By Father Mark Garrett
Special to The Texas Catholic
At the depth of every human heart is a vocational calling. It is the echo of Christ’s voice speaking to His people where we cannot help but listen and follow after Him. Pope St. John Paul II wrote, “In the hidden recesses of the human heart the grace of a vocation takes the form of a dialogue. It is a dialogue between Christ and an individual, in which a personal invitation is given. Christ calls the person by name and says: ‘Come, follow me.’”
National Vocation Awareness Week is our opportunity to add a human face to that calling — that calling which is already present and active in the life of our Church. In every parish across the Diocese of Dallas, there is a someone whose heart is waiting for the invitation they feel internally to take the form of a priest, family member, friend, or fellow parishioner. We must be invitational.
As a young man growing up in the diocese, it was the invitation of many at my home parish that helped maintain my openness to that conversation with God. When I would serve Mass as a young man, people of my parish would come and ask me if I thought about being a priest. These questions might have been taken in jest by a young man who was not thinking beyond that day’s activities, but they stay with you. It is not the first invitation, nor the second, but when many are inviting you to consider a vocation, it is no longer something you can say with honesty you are not considering. We know this to be the case in the way we regularly invite good athletes to consider going professional or great musicians to consider playing publicly so many can enjoy their gift. It is an invitation that opens the heart to receive what by God’s grace is already at work.
It takes the invitation of a community to help foster a vocation. It takes an invitation to open one up to the conversation already taking place within the depths of one’s heart. We all know the young men and women we see serving and participating in our parishes who we think are called to more. Call them to more by inviting them to consider a vocation to priesthood or religious life. However, these cannot be blanket invitations; they must be done with sincerity. This requires that we honestly appreciate and recognize the ministry of a good priest, or religious brother and sister, and likewise recognize signs of such qualities in the young men and women we invite. In this way the invitation is a true spiritual work of mercy. They might just need your invitation to respond with courage to what God is already doing within their life. Be the invitation that brings a priest, nun, sister, or brother into the Church.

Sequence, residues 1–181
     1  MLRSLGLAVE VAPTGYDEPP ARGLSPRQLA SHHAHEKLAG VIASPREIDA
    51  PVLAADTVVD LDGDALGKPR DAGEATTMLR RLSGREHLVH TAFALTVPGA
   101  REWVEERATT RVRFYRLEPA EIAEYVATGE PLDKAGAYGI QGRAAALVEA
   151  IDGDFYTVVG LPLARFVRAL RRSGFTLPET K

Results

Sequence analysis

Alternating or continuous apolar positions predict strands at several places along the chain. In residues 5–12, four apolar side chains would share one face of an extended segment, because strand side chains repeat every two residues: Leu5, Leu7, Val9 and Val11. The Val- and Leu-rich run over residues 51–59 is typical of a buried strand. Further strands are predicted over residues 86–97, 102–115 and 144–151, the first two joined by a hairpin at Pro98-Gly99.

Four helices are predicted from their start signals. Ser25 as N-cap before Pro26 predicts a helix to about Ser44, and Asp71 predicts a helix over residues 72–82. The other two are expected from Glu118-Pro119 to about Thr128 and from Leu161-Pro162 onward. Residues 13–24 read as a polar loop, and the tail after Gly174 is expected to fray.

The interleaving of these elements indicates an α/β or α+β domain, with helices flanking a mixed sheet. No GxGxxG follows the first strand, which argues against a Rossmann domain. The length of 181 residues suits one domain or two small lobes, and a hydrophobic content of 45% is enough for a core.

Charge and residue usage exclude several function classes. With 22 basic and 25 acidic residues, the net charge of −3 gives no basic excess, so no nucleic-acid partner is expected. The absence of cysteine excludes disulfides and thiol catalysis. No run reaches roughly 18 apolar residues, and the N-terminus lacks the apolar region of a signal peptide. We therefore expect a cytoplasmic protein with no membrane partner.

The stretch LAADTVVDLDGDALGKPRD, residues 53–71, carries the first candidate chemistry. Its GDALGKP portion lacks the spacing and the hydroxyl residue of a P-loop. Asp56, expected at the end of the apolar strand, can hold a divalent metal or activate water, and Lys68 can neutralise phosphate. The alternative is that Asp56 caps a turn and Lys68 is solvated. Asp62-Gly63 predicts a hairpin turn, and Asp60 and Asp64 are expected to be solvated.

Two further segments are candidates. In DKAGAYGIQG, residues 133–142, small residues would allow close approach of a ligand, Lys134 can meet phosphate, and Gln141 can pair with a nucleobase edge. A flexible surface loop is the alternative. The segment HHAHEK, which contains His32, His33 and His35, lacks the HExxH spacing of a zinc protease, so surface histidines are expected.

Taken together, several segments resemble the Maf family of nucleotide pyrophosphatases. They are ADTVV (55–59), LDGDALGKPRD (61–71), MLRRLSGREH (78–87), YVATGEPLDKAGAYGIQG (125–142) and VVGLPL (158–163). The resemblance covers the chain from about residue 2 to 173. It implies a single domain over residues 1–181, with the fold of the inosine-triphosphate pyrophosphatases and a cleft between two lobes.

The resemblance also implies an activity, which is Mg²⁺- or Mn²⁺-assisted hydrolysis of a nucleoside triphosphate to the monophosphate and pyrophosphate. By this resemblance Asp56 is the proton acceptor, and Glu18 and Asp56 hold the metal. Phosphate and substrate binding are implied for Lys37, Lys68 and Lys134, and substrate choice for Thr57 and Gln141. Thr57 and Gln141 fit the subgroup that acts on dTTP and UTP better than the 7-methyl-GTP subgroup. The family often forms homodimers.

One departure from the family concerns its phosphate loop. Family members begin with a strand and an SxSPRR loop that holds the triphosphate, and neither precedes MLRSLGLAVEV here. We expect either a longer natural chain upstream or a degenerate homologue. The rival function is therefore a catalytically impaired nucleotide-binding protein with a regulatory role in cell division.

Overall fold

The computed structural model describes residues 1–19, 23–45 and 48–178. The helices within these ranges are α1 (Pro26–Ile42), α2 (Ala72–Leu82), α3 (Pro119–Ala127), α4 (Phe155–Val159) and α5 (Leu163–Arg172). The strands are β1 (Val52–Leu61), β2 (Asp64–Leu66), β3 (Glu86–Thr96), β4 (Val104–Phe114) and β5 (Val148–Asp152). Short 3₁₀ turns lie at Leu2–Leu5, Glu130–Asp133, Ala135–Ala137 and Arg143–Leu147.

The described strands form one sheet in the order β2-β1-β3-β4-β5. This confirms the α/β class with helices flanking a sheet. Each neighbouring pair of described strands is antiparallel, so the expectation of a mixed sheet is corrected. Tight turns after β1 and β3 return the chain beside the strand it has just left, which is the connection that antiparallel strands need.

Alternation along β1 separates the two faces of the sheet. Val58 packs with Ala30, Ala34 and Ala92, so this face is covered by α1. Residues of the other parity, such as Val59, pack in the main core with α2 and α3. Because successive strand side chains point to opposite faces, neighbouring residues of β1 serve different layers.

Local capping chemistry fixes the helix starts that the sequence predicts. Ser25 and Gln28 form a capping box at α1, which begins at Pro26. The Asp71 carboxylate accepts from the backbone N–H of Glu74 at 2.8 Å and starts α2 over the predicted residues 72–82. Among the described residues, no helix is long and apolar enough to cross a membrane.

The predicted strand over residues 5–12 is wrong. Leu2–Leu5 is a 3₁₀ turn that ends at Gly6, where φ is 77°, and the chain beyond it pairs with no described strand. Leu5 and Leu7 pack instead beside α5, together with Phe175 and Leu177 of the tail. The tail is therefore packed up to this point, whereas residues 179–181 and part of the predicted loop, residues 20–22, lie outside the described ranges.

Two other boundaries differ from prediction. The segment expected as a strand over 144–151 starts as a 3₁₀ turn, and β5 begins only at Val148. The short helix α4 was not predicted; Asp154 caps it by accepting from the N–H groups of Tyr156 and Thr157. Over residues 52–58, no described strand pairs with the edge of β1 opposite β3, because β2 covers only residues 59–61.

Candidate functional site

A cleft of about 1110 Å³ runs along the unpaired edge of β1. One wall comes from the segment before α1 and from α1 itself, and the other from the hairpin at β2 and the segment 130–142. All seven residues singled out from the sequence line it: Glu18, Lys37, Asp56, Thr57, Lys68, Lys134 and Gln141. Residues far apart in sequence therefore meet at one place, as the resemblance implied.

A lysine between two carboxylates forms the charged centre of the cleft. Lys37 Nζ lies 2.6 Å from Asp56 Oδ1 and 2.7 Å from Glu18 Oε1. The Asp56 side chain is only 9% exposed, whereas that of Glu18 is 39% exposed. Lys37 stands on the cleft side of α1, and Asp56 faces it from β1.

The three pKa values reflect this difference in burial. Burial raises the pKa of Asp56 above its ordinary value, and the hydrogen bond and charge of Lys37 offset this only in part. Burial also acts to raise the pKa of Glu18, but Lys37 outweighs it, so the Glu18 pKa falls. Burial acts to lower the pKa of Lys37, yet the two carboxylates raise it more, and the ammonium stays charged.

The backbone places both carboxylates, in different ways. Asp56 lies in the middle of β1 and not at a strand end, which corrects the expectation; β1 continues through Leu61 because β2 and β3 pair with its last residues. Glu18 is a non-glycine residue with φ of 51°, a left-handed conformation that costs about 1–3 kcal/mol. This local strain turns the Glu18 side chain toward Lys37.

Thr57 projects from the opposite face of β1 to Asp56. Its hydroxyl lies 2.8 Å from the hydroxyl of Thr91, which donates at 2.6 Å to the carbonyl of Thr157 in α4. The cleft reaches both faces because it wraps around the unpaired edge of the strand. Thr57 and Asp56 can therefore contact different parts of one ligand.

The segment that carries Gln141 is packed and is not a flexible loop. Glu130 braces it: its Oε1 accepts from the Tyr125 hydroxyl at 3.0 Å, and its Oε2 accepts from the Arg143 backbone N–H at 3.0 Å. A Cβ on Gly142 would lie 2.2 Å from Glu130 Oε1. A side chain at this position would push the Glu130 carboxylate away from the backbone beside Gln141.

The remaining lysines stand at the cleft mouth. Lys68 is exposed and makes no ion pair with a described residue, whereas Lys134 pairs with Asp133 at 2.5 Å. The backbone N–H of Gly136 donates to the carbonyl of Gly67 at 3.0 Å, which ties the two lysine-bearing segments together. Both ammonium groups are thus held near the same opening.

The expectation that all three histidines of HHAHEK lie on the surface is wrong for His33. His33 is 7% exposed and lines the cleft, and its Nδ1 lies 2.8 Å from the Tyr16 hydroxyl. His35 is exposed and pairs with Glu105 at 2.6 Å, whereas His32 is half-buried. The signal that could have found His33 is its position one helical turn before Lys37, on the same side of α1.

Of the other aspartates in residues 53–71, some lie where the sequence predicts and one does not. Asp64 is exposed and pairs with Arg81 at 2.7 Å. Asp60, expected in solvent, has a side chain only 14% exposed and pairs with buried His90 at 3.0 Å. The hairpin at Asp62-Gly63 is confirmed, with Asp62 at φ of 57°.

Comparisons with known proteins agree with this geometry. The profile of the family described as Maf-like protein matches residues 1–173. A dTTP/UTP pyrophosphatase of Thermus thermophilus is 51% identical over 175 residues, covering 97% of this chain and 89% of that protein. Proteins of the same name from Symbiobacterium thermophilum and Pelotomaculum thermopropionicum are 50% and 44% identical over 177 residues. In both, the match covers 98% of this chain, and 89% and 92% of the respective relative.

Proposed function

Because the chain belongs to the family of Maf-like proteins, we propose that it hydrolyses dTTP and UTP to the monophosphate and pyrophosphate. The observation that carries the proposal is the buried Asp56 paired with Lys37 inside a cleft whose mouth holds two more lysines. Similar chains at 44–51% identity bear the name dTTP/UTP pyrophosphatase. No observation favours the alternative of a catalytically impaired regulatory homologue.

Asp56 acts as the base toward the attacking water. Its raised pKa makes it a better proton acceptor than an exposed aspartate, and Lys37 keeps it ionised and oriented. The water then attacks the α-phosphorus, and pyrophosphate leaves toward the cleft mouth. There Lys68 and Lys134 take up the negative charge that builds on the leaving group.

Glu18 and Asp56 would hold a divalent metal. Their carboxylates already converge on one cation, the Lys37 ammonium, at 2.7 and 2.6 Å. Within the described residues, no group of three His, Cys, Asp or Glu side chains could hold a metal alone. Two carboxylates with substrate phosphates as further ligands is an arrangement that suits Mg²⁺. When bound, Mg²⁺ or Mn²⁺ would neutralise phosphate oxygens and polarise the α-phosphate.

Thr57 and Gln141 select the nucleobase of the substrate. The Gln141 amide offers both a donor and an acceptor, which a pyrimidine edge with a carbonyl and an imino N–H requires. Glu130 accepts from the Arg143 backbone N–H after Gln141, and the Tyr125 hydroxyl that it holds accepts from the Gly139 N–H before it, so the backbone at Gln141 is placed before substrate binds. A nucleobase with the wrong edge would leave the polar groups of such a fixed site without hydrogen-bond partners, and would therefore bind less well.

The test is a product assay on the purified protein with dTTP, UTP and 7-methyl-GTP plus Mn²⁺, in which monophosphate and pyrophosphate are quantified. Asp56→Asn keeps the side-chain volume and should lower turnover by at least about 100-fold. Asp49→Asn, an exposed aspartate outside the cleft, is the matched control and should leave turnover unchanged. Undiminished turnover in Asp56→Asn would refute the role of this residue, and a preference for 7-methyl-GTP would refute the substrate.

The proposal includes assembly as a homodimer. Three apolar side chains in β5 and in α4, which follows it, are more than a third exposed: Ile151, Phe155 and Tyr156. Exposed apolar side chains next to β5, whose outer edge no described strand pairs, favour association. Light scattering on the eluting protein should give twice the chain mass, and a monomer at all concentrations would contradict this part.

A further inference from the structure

Father Mark Garrett is the director of vocations for the Diocese of Dallas.
WANT TO KNOW MORE?
The Diocese of Dallas Office of Vocations will hold a St. Andrew’s Dinner at Holy Trinity Seminary at 6 p.m. Nov. 7 for high school men or older who would like to explore more about the priesthood. A Marian Brunch for young women seeking to learn more about religious vocations will be held from 8 a.m. to noon Nov. 11 at St. Ann Catholic Church in Coppell. Visit www.dallasvocations.org for more information.